DORIS in the News
Don’t just take our word for it. Here you can find articles, case studies, and news sources about DORIS. Additionally, DORIS founder, Sam Julka, writes a regular column piece that’s published in the Indianapolis Business Journal (IBJ). We like to think of her as the Carrie Bradshaw of workplace columnists. Each of these articles delivers golden wisdom from the good, the bad, and the ugly that we at DORIS have gleaned from our many years engaging with employees through our research. Pour yourself a cosmo, read on, and enjoy!
I mean, don’t get me wrong, I don’t love being called out on stuff like how to load the dishwasher properly so the dishes will “actually get cleaned” or why it’s so important to check all my mirrors when backing out of the garage (side note, as it turns out, that’s...
IBJ really loves DORIS! We’re featured in 2 articles for their 2020 Innovation Issue. In this one, Sam outlines our 8-step design thinking process, and some of our design firm friends in town talk about their process as well.
In this LinkedIn article, Elise offers up her pro-tips for how to navigate the new COVID-19 reality of working from home amidst all those homelife distractions—spouses, kids, pets—so you can keep it together, while also cutting yourself a little slack.
You don’t have to be a designer in order to behave in a designerly way. I think at its simplest form, being designerly can be broken down into three simple tenets.
It’s pretty interesting how often restrooms come up in our research projects even though they are generally not an area within the office for which we are actively seeking data. For example, we don’t measure how many people are in them or out of them in our quantitative data collection. However, that doesn’t keep people from bringing them up when we collect qualitative data through interviews: there are not enough of them, they’re in the wrong place, they’re just plain dirty.
A few weeks ago, I was sitting in my office, listening to the cold November sleet on the roof. Through the miracle of modern day technology, I was conducting a face-to-face interview with one of our client’s employees. This particular organization was located in a state with a much more favorable climate in November. I started out by introducing myself, “Hi, I’m Sam, and I’m sitting in Indiana today!” She immediately said, “Yeah, I was wondering what that big scarf was about.” It was 75 degrees and sunny out there.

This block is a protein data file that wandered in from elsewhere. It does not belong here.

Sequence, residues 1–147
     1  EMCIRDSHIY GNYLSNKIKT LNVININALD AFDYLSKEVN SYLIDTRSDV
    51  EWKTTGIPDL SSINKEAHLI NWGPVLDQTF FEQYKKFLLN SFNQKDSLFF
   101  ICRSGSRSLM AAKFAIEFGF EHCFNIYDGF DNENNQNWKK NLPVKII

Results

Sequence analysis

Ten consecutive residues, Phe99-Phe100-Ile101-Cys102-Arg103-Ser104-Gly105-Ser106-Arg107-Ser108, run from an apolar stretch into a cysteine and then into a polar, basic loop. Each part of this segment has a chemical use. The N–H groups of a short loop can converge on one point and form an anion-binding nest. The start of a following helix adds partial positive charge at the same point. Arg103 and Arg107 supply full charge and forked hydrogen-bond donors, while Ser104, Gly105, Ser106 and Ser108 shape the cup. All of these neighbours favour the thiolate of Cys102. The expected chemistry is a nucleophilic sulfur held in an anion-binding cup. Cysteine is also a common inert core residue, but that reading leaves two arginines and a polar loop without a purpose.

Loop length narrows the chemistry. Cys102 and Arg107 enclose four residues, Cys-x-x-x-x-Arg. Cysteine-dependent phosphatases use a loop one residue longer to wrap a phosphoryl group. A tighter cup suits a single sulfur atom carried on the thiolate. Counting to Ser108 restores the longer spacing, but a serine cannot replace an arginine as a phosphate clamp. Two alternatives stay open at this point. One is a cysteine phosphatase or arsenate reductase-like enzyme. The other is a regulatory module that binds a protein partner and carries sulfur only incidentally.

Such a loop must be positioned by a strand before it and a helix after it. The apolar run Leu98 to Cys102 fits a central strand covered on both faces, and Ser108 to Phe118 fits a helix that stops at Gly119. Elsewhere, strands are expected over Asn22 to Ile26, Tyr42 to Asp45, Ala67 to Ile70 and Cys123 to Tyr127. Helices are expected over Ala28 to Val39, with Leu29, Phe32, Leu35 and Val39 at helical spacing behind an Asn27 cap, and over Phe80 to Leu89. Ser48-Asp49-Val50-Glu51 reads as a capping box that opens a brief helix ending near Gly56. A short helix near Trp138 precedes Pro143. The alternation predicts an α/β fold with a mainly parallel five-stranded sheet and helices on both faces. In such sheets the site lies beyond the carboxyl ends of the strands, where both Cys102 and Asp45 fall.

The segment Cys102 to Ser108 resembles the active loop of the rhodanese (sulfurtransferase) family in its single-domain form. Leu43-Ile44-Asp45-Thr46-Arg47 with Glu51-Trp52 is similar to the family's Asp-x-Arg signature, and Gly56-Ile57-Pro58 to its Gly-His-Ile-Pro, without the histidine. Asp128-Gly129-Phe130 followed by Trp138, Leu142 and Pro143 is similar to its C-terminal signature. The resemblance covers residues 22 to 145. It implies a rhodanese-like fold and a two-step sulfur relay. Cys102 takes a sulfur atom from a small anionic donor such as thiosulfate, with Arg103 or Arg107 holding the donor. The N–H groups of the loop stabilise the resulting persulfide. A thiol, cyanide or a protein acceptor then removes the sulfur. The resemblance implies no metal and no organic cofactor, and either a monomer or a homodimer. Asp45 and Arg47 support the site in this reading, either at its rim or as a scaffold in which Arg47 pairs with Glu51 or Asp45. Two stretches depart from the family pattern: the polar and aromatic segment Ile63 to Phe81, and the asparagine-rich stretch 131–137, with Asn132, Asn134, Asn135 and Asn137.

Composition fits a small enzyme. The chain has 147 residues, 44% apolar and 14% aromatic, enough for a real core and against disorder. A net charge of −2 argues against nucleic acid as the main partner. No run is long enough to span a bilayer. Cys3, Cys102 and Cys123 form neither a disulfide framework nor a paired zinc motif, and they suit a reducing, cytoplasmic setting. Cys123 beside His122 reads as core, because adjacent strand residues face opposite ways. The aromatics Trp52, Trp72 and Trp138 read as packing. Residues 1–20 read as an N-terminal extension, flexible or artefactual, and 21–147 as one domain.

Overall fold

I moved to Indy in 2005 and attended my first Indy 500 race in May of 2006. I think the moment that first race began was the loudest moment I have ever experienced in my whole life. It was so loud I could feel it inside my body. We had to wear ear protection, and by the end of the race, I still had a little ringing in my ears but boy was I hooked. I became Indy’s newest month of May super fan.
Remember growing up as a kid and sharing your bedroom with your sister? Well, I didn’t have any sisters (thanks a lot, Mom and Dad), but I did have a lot of Full House reruns. Watching Full House, I learned how my idol, DJ Tanner, navigated the treacherous waters of sharing a room with her little sister, Stephanie. I specifically remember one episode where DJ came up with the brilliant plan to use a tape line on the floor to delineate her space from Stephanie’s space. Of course, once Stephanie was in her space, she had zero access to the door to exit the room and I think we all know that from there, hilarity ensued.
A question we are often asked by leadership teams is how people from different generations differ in their perspective on the workplace. And like the good researchers we are, we set out to see if we could find statistically based evidence to support the claim that major differences exist between boomers, Xers, millennials and now Generation Z.